Death on the Nile by Agatha Christie – A Review
Rating : 4/5
Date of Publication : November, 1937
Agatha Christie’s foreign mysteries are a unique blend of murder mysteries incorporated into a mini-travelogue of the exotic middle east. Her extensive travels to various archaeological spots with her husband Max Mallowan gave her a first-hand experience of the rustic beauty of this region. From these were conceived some of her everlasting hits like Murder on the Orient Express, Murder in Mesopotamia etc. These foreign mysteries are a league apart from her regular country house mysteries due to the clever incorporation of the various locations into the mysteries. Death on the Nile is no different.
Hercule Poirot, on his Egyptian vacation, is approached by a rich socialite Linnet Ridgeway for his help in dissuading her best friend Jacqueline de Bellefort from stalking her. Ridgeway is recently married to Simon Doyle, to whom Jacqueline was previously engaged, which makes Jacqueline bitterly resent her. Havoc wreaks on a tranquil cruise over the Nile when Linnet is found in her cabin with a shot to her head. It falls on Poirot to solve the murder before the steamer docks in Cairo.
The book is structured into two halves. The first half is spent in elaborately sketching the characters and their relation with each other. This works like a guide for the readers and help us in keeping track of the relevant details of the multitude of characters in the book who in the second half find themselves confined in a steamer across the Nile. The first part is interesting as we get to see Christie build up intrigue just by few well-placed comments in the conversation between characters. The second part takes us to Egypt where Christie spends time describing the beauty of Nile and Abu Simbel along with the description of the people (I felt the description of the locals were highly biased and did not do justice to the people). The pace picks up once the crime gets committed under the watchful eyes of Poirot and the ensuing investigation makes it a page turner.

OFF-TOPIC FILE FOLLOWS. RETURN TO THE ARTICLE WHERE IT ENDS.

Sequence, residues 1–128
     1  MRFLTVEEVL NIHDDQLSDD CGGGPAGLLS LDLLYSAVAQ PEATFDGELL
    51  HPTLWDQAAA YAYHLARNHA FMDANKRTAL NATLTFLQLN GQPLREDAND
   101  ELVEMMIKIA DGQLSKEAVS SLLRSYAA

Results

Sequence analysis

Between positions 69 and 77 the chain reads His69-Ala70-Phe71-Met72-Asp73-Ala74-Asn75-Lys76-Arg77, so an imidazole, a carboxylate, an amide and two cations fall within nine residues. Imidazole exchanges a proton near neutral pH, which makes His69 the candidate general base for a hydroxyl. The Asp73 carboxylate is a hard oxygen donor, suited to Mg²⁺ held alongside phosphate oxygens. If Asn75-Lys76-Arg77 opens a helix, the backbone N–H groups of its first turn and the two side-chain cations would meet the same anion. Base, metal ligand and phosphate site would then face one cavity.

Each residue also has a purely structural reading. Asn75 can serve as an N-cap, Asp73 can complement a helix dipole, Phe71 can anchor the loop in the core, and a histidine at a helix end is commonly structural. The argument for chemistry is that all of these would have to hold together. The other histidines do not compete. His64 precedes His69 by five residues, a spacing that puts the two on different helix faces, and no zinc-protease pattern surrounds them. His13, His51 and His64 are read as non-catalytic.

Christie fabricates a highly complex plot in this novel that is filled with multiple subplots exploring various themes like romance, vengeance, friendship and loyalty. Some of the subplots involving minor characters brings a whiff of lightness to a morbid tale of deceit. Apart from her usual red herrings, Christie plants various clues in these subplots to form an intricate pattern. These confound the readers and provide a worthy challenge for your “grey matter”. However, it is really not that hard for a seasoned Christie lover to see through the ruse and figure out the culprit. I immensely enjoyed the book with its diverse story lines, unique characters and beautiful settings.
This book is a must read for any Christie fan as it is enjoyable, intriguing and immensely satisfying. Undoubtedly, this is one of the best works of Christie and adds a beautiful feather in her cap.